Let’s talk tile today, and in more detail, how to put down tile over sub floors. So, let me start by telling that this was the biggest project we did in our house so far. It was also the most challenging one in so many different ways. First, of all did we totally underestimate how long it would all take. And secondly, we did it during a really inconvenient time.
So we started the project back in August last year. I was leaving for a two week trip to Germany a few days after we started. Hubby was about to leave for a two week Air Force training almost during the same time. To top it off I was supposed to start a new job right after I returned from Germany as well. Looking back, our timing could not have sucked more! But we just sucked it up and got through it. As I said before, we totally underestimated how long this project would take. We actually thought it would take us less than a month to do it. Oh boy, were we wrong. In fact the entire project took us THREE months in total from putting down HardieBacker to finishing the baseboards. It was a major project and we were both so exhausted and happy once we were done.
In the course of the project we had to move out of the house and into our neighbor’s garage apartment. He generously rented out to us. Luckily we had amazing help during the project not just from our neighbor. My brother in-law and father in-law both came out and helped us. We could not have done it without each of them and we are so grateful for their support. So I guess this is my recap, let me now share with you the step-by-step guide on how to put down tile on sub-flooring. Hubby wrote this all up himself before we started the project and we split the entire process into three posts, one for each phase of the projects. So let’s start with phase 1—the HardieBacker.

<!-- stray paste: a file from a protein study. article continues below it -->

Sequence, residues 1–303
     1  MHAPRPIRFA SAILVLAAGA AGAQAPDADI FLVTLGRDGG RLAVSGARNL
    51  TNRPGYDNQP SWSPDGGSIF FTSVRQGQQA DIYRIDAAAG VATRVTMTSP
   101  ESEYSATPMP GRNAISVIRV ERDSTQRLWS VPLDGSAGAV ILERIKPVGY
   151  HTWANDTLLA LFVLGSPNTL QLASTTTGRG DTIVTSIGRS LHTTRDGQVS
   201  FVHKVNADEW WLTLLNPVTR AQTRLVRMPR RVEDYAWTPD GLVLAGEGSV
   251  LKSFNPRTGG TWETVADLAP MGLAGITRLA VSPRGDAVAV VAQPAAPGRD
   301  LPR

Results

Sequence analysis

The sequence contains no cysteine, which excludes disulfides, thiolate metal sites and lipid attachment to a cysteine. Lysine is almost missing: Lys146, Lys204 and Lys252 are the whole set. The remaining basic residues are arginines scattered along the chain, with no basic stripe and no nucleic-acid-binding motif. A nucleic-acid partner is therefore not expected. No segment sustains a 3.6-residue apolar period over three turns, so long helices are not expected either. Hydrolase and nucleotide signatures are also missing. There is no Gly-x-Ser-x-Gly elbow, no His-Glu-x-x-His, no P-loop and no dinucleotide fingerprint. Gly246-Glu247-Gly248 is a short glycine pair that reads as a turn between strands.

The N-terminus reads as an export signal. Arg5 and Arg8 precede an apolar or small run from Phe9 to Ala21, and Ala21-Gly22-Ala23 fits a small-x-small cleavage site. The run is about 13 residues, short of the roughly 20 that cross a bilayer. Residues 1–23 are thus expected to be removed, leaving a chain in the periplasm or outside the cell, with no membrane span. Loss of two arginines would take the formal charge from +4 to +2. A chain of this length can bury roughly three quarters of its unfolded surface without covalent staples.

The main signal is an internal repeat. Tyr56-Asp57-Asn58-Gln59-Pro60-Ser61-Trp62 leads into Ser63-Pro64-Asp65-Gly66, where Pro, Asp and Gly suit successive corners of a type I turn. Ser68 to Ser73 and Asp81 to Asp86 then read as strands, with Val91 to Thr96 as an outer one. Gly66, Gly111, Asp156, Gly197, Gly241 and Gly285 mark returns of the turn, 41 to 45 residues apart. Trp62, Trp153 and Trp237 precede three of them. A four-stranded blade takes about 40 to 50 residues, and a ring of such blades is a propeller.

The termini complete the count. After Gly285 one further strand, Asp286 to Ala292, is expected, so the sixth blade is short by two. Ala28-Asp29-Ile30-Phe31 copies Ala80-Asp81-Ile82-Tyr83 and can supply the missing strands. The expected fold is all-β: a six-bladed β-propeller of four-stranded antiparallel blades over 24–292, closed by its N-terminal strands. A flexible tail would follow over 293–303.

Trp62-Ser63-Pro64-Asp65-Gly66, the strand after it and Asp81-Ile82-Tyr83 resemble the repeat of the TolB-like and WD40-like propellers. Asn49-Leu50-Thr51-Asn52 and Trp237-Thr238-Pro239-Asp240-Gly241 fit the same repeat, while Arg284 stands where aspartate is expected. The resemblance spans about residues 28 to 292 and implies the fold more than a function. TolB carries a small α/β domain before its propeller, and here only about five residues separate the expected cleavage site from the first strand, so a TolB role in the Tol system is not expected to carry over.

Put down Tile over sub floors – HardieBacker (HB):
- Screw down any springy plywood.
- Use two pieces of cardboard, a piece of HB and a piece of tile as a spacer to cut door jams.
- A 3rd piece of cardboard can be added to create an extra 1/16” for ease of installation.
- Fill any wooden sub floor gaps with caulk.
- Check if sub-floor is level with a 6-8’ level or straight edge.
- Roll paint “latex primer sealer” in areas requiring self-leveler.
- Mix lever.
- Spread leveler with flat edge of trowel.
- Use “polymer-modified” thin-set over sub-floor.
- Mix to consistency of creamy peanut butter. Let thin-set stand for 10 minutes prior to use.
- Notches in trowel should be square 1/4” thick for HB.
- Lay “scratch-coat” with flat edge of trowel. Notch at 45° in arcs. Firmly notch “straight pass” parallel to direction of HardieBacker.
- Lay 1/4” HardieBacker perpendicular to sub-floor’s plywood direction.
- Pick up 1st HB to ensure good coverage of thin-set. Half should be on the floor, and half on the HB. If most of the thin-set is still on the floor, you need to thin your thin-set a little more.
- Use 16d common nails as spacers between HB to keep an 1/8” gap at all ends.
- No four corners should ever meet.
- Walk on the center of the HB to firmly secure to floor.
- Secure with epoxy-coated screws 3/8” from edges and 2” from corners, & in the field (center) as required. (HardieBacker suggests 52 screws in each 5’x3′ sheet).
- Remove 16d common nails.
- Use high-strength alkali-resistant glass fiber tape.
- If tape is self-adhesive—tape, then cover with leveled thin-set.
- If tape is not self-adhesive—thin-set joint, tape, cover with leveled thin-set.
- Let cure for 24 hours before allowing foot traffic.
So these are Hubby’s step by step instructions. Below are some pictures of our floors after we put down the HardieBacker.
So, that wraps up our post for today. Watch out for part II of the series in which I will give you the step-by-step by guide on how to put down the tile. Let me know in comments below if you have put down tile yourselves and what your experiences was? How long it take you guys?
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As always, thanks so much for stopping by.